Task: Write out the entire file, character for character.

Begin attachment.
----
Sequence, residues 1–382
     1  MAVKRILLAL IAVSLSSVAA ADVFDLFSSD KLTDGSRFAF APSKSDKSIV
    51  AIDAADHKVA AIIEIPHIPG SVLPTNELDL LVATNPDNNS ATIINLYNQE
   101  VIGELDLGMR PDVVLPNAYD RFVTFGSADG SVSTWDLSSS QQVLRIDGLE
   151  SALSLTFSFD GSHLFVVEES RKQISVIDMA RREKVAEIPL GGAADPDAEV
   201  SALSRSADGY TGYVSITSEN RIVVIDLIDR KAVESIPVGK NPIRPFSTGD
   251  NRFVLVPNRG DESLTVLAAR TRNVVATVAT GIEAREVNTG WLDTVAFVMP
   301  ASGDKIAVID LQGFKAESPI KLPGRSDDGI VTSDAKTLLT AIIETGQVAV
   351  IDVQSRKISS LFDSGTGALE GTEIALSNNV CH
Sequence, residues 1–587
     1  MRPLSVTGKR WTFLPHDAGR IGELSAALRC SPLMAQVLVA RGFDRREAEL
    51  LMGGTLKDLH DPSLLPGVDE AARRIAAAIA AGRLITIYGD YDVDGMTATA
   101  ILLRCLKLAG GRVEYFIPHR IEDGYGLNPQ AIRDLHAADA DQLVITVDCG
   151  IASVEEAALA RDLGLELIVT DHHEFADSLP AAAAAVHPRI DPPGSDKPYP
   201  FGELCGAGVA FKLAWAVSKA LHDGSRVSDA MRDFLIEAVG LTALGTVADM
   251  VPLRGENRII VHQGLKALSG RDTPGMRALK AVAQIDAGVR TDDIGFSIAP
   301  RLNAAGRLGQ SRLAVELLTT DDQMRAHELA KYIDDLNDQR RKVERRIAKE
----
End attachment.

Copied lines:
Sequence, residues 1–382
     1  MAVKRILLAL IAVSLSSVAA ADVFDLFSSD KLTDGSRFAF APSKSDKSIV
    51  AIDAADHKVA AIIEIPHIPG SVLPTNELDL LVATNPDNNS ATIINLYNQE
   101  VIGELDLGMR PDVVLPNAYD RFVTFGSADG SVSTWDLSSS QQVLRIDGLE
   151  SALSLTFSFD GSHLFVVEES RKQISVIDMA RREKVAEIPL GGAADPDAEV
   201  SALSRSADGY TGYVSITSEN RIVVIDLIDR KAVESIPVGK NPIRPFSTGD
   251  NRFVLVPNRG DESLTVLAAR TRNVVATVAT GIEAREVNTG WLDTVAFVMP
   301  ASGDKIAVID LQGFKAESPI KLPGRSDDGI VTSDAKTLLT AIIETGQVAV
   351  IDVQSRKISS LFDSGTGALE GTEIALSNNV CH
Sequence, residues 1–587
     1  MRPLSVTGKR WTFLPHDAGR IGELSAALRC SPLMAQVLVA RGFDRREAEL
    51  LMGGTLKDLH DPSLLPGVDE AARRIAAAIA AGRLITIYGD YDVDGMTATA
   101  ILLRCLKLAG GRVEYFIPHR IEDGYGLNPQ AIRDLHAADA DQLVITVDCG
   151  IASVEEAALA RDLGLELIVT DHHEFADSLP AAAAAVHPRI DPPGSDKPYP
   201  FGELCGAGVA FKLAWAVSKA LHDGSRVSDA MRDFLIEAVG LTALGTVADM
   251  VPLRGENRII VHQGLKALSG RDTPGMRALK AVAQIDAGVR TDDIGFSIAP
   301  RLNAAGRLGQ SRLAVELLTT DDQMRAHELA KYIDDLNDQR RKVERRIAKE